“Let your light so shine before men, that they may see your good works, and glorify your Father which is in heaven (Mat. 5:16)

The above citation demonstrate the importance of shining the Light of Revealed Truth to men and women around us. In fact, when we consider the context more carefully, we find that there are two aspects of our shining: to the World, and to those already in the House:

“Ye are the Light of the World … Neither do men light a lamp, and put it under a bushel, but on a lampstand; and it giveth light unto all that are in the house” (Mat. 5:15).

This latter aspect of light illuminating “the house” reminds us of the manner by which the Lampstand illuminated the House of God in Solomon’s day. Indeed, there are other passages in Scripture which make this direct comparison:

“do all things without murmurings and disputings: that ye may be blameless and harmless, the sons of God, without rebuke, in the midst of a crooked and perverse nation, among whom ye shine as lights in the world, holding forth the word of life” (Phil. 2:15-16).

“The mystery of the seven stars which thou sawest in my right hand, and the seven golden lampstands. The seven stars are the messengers of the seven ecclesias: and the seven lampstands which thou sawest are the seven ecclesias” (Rev. 1:20).

We find then, that our responsibility as recipients of the Light of the Truth, is to allow it to shine within and from us, “holding forth the word of live”, just like the lampstands of the Temple.

When we consider the arrangement of Light in the Temple that Solomon built, we find some highly interesting principles being set forth:

“ … and the lampstands of pure gold, five on the right side, and five on the left, before the oracle, with the flowers, and the lamps, and the tongs of gold” (1 Kings 7:49).

Often in expounding the significance of these things, brethren point out that there are ten lampstands, and draw a principle out from the number ten. However, the inspired narrative is careful to specify that there were not ten, but two groups of five: “five on the right side, and five on the left”. Yes, there were ten, but an accurate analysis should be based on the Spirit’s narrative that there were two groups of five.

This becomes particularly interesting, when we consider that it is often said that five is the number of grace. Consider that fact with the testimony of the Apostle Paul:

“… being justified by faith, we have peace with God through our Lord Jesus Christ: by whom also we have access by faith into this grace wherein we stand, and rejoice in hope of the glory of God” (Rom. 5:1-2).

Notice the Temple language being used: “the glory of God”, which brings to mind the Glory of God that dwelt in the Most Holy place. But Paul, being guided by the Spirit, speaks of us have “peace with God”, for we have “access by faith”. Here “peace” = “to join together” This matches the High Priest standing in the Holy place before entering in beyond the veil on the Day of Atonement. He is drawing near to Yahweh, with the faith that his offerings will be accepted. And in his position standing before the Vail, he stands in the midst of the lampstands (Rev. 1:13), with five lamps each side of him – or, as the Apostle puts it, “this grace wherein we stand”. We find then, that the High Priest stood in such a position of Grace, as he drew near to the Glory of God before him, to make reconciliation and covering for the sins of the people.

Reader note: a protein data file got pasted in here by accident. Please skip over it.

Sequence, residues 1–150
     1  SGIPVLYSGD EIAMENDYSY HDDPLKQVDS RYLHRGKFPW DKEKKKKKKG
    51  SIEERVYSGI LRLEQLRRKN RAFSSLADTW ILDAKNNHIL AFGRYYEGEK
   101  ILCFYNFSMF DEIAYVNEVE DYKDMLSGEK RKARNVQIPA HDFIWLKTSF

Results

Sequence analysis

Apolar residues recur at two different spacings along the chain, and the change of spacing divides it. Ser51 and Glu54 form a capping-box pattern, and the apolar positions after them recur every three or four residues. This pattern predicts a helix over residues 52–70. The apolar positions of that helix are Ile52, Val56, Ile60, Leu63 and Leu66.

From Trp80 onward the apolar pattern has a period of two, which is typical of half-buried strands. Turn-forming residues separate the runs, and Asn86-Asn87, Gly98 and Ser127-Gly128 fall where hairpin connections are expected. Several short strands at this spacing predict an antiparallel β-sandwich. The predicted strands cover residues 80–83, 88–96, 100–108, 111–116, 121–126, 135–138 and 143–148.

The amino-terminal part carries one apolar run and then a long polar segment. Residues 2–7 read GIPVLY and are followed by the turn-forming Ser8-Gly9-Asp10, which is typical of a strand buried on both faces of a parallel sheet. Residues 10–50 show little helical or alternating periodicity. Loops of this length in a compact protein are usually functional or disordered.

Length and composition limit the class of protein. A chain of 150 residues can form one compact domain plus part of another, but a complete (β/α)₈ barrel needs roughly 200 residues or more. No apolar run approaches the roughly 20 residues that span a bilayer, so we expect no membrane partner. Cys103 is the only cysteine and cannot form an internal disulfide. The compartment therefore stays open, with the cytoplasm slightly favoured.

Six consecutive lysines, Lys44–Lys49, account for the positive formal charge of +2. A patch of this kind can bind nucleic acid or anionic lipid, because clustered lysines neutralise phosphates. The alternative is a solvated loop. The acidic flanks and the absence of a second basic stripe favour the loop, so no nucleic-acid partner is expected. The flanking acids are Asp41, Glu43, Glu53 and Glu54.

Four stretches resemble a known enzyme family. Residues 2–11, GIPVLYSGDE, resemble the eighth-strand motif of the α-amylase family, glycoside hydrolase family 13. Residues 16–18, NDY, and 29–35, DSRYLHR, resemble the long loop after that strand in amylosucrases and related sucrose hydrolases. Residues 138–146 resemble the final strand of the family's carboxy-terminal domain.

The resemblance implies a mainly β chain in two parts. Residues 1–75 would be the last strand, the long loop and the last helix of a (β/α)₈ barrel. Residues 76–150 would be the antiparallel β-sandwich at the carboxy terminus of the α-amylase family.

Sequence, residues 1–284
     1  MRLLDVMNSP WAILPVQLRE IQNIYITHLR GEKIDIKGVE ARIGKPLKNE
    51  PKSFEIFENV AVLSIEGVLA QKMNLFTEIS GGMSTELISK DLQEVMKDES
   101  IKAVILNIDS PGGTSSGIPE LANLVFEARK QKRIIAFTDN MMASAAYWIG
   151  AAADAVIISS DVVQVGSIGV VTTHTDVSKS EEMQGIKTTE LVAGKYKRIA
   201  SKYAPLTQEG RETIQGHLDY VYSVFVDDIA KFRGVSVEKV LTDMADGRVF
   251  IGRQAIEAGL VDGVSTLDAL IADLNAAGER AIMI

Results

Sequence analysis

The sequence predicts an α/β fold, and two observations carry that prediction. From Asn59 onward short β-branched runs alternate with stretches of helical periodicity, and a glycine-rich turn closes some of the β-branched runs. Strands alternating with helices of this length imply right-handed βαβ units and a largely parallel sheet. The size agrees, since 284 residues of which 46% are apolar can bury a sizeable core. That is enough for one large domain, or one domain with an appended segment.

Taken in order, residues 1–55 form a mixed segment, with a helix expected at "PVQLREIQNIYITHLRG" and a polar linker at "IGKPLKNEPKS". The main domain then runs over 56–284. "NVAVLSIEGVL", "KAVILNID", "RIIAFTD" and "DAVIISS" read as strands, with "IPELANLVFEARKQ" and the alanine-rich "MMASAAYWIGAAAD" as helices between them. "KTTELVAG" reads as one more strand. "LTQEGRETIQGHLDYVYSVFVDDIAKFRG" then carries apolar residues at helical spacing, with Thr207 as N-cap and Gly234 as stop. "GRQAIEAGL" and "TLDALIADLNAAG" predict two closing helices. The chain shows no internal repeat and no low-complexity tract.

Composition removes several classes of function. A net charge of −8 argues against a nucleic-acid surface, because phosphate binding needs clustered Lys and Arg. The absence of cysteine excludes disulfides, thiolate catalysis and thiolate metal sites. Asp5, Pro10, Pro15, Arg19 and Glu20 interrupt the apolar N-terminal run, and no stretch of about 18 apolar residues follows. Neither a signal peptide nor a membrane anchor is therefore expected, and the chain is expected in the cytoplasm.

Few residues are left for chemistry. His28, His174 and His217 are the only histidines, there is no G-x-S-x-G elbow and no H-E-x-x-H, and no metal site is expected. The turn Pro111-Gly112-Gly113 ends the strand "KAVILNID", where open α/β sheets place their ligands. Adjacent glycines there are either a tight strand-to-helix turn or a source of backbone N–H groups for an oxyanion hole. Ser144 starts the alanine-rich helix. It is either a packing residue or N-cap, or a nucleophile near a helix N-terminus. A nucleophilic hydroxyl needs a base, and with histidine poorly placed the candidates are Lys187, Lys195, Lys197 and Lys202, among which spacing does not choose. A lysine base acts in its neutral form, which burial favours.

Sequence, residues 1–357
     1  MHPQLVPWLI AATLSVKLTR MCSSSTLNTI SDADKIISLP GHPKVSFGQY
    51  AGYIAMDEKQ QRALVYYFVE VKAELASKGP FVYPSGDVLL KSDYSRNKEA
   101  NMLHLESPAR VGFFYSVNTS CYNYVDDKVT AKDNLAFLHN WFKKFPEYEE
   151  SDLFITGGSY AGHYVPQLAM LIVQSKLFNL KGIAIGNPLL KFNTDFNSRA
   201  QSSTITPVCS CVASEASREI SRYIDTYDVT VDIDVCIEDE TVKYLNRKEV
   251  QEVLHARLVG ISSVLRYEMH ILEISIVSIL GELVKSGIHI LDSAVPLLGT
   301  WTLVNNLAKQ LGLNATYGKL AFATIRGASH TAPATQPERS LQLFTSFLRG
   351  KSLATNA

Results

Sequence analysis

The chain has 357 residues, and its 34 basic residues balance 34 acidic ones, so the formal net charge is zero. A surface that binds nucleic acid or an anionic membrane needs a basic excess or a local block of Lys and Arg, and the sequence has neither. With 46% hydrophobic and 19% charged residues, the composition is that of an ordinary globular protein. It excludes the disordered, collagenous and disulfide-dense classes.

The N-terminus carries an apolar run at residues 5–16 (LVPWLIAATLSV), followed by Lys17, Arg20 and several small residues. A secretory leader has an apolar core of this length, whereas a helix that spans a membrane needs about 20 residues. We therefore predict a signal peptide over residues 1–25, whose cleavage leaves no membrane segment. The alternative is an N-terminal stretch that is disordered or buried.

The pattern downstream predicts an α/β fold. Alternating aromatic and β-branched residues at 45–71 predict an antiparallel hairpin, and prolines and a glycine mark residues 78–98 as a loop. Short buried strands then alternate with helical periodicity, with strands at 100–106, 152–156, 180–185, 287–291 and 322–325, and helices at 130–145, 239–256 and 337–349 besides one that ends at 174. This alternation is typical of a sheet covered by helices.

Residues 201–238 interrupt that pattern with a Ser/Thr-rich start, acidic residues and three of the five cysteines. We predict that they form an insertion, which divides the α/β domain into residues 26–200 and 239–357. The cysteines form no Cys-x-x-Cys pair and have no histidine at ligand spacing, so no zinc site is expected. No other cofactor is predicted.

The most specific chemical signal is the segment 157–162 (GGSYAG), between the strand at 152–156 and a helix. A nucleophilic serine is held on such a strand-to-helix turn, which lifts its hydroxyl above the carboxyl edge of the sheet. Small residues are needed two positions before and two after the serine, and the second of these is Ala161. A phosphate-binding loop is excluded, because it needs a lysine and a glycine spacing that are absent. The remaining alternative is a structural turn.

There are many important points that emerge from a study of the Day of Atonement, and most expositions draw out principles whereby the High Priest forshadows the work of Messiah. But we need also to draw out the principles by which the People were to occupy their time, as they waited for the return of their High Priest. None other than he were permitted to enter into the Temple; the people and other priests had to patiently wait for his coming. Isaiah 58 describes what the people were to do, and their failure to do it. But the central point to consider is that we, as the people, await the coming of our High Priest—and we must occupy our time with wholesome things, redeeming the time that passes before his coming:

“So Christ was once offered to bear the sins of many; and unto them that look for him shall he appear the second time without sin unto salvation”

We who look for Messiah’s appearing, must maintain a constant state of readiness for that day. As another writer expresses it:

“As a thief, as a midnight robber, Christ will steal upon the world. In like manner he will come to many in the brotherhood. But not so to faithful brethren and sisters. To these he will come, not as an unexpected and unwanted intruder, but as a looked for and longed for friend. Their attitude will be one of expectancy, although they may not know the day or hour of the event. What is our attitude in the matter? Are our thoughts fixed on Christ’s return? Are we ready and waiting to give him a welcome? Let us not deceive ourselves. It is possible for us to believe that we are the friends of Christ when we are nothing of the kind. The Scriptures foreshadow the bitter humiliation of many who will have been so deluded (Matt. 7:22-23). To avoid such a calamity, let us engage freely in self-examination. Do we keep the commandments? Only those who do are his friends (John 15:14). May his word so motivate us that we may not be put to shame in the approaching day of our Lord’s appearing.”

(Cited from Logos 1985)

Christopher Maddocks